Biden Wants Airlines to Compensate Travelers for Delayed and Canceled Flights

Proposed regulations would require airlines to do more when they are at fault for major disruptions

Transportation Secretary Pete Buttigieg listens as President Joe Biden delivers remarks
Transportation Secretary Pete Buttigieg listens as President Joe Biden delivers remarks about requiring airlines to compensate passengers for extensive flight delays and cancellations. Demetrius Freeman / The Washington Post via Getty Images

After waking up early, shelling out $50 for an Uber and sitting in traffic, you finally arrive at the airport, only to see the word “canceled” next to your flight number on the board. Modern air travel can be a logistical nightmare.

Now, the Biden administration hopes to make such scenarios a little less painful.

On Monday, President Joe Biden announced that he will be proposing new rules requiring airlines to compensate customers experiencing lengthy flight delays or cancellations that are within the carrier’s control.

“I know how frustrated many of you are with the service you get from your U.S. airlines, especially after you, the American taxpayer, stepped up in 2020, in the last administration, in the early days of the pandemic, to provide nearly $50 billion of assistance to keep the airline industry and its employees afloat,” said Biden during the announcement at the White House. “You deserve to be fully compensated.”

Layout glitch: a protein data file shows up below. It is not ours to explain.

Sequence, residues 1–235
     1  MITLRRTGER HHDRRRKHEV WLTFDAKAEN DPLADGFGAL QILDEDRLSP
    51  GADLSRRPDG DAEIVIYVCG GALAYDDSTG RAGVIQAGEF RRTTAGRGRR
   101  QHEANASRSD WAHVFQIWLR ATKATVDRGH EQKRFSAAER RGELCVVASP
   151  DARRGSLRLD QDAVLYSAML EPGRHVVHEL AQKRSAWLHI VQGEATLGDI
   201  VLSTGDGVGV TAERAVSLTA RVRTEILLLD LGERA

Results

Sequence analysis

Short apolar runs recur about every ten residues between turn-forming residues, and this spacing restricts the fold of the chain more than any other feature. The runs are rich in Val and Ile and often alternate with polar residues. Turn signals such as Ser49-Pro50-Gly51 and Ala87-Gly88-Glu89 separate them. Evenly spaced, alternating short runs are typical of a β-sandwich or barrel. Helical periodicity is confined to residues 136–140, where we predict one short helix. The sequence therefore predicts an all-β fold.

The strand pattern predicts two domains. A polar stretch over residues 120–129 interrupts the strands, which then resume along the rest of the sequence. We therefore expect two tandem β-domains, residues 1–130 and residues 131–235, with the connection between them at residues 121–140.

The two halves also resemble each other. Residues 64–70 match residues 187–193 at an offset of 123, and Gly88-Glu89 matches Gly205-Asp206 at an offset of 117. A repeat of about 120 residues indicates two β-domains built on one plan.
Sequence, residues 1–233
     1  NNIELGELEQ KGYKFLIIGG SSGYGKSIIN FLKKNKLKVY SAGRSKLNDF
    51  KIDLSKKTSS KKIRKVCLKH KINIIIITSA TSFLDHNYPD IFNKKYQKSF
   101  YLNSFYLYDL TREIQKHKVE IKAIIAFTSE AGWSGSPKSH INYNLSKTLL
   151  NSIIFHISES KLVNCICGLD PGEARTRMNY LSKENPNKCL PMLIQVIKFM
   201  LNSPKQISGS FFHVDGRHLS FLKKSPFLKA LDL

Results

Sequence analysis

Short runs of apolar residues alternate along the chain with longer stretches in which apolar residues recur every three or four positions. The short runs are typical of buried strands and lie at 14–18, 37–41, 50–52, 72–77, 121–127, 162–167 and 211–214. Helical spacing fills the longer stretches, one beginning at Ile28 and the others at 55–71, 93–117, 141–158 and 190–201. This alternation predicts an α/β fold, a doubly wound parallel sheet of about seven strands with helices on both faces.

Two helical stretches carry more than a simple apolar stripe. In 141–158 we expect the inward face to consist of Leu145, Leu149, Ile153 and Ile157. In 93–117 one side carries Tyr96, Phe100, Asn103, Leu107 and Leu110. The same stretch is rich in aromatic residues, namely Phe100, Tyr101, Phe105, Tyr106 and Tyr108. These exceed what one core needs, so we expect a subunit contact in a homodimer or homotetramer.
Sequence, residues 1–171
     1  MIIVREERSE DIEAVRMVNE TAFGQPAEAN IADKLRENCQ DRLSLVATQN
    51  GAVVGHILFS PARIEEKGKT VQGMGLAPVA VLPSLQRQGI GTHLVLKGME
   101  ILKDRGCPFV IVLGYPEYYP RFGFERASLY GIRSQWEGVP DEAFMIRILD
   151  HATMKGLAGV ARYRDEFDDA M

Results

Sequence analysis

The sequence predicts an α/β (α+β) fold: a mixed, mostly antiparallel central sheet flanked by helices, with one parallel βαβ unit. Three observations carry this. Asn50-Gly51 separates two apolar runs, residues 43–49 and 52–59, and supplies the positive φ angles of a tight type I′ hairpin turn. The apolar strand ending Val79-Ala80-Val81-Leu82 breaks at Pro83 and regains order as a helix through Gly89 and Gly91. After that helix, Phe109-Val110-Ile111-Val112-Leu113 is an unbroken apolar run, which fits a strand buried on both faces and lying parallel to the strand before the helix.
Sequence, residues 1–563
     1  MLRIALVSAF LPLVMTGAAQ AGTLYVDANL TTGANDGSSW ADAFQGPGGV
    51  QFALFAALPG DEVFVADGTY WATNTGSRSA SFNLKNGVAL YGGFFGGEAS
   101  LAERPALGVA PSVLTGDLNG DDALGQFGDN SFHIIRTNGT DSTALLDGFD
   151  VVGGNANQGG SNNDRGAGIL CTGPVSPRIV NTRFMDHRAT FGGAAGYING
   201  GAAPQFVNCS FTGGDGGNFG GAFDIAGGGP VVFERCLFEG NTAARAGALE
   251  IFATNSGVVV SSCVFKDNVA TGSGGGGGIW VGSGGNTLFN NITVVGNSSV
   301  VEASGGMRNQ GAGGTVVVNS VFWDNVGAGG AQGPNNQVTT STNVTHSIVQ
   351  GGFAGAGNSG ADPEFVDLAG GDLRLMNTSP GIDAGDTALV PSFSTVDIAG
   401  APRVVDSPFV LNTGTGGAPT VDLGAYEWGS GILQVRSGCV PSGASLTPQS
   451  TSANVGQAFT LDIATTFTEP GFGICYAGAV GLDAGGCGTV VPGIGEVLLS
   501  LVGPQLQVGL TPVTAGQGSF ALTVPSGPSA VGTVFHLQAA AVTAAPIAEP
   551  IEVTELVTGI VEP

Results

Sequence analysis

In addition to refunds, the administration would like airlines to provide customers with cash payments following major travel disruptions. These payments would cover expenses like staying in a hotel, buying a meal, hailing a cab or booking an Uber or Lyft.

In recent years, passengers have come to expect travel headaches, particularly when flying on high-traffic dates. For instance, thousands of flights were canceled during Memorial Day weekend last year. Over Christmas, winter storms caused significant delays, and Southwest Airlines notoriously canceled around 70 percent of its flights, stranding customers for the holidays.

“We depend on airlines to get us to weddings, vacations and job interviews that often wind up being some of the most important and memorable events in our lives,” said Transportation Secretary Pete Buttigieg, who joined Biden for Monday’s announcement. “And our economy depends on these airlines doing a good job.”

The new proposal follows Buttigieg’s earlier efforts to improve airlines’ customer service. Last year, the Transportation Department released an online tool showing which airlines compensate customers for delays and cancellations and what they provide.

Since then, some airlines have changed their policies. “Now, 9 major airlines cover hotels, 10 cover meals, 10 rebook for free,” said Biden. “And that’s real savings for middle-class and working-class families.”

The administration hasn’t yet released the details of the new regulations, such as what will count as a “controllable” delay or cancellation.

According to a statement from Airlines for America, a trade association representing some of the country’s largest airlines, more than half of last year’s cancellations were due to extreme weather. “U.S. airlines have no incentive to delay or cancel a flight and do everything in their control to ensure flights depart and arrive on time—but safety is always the top priority,” writes the group. “We have the safest air travel system in the world because we never compromise on safety.”

David Pekoske, administrator of the Transportation Security Administration, predicts that a record number of travelers will be flying this summer, surpassing pre-pandemic numbers, according to Bloomberg’s Alan Levin and Ellen M. Gilmer.

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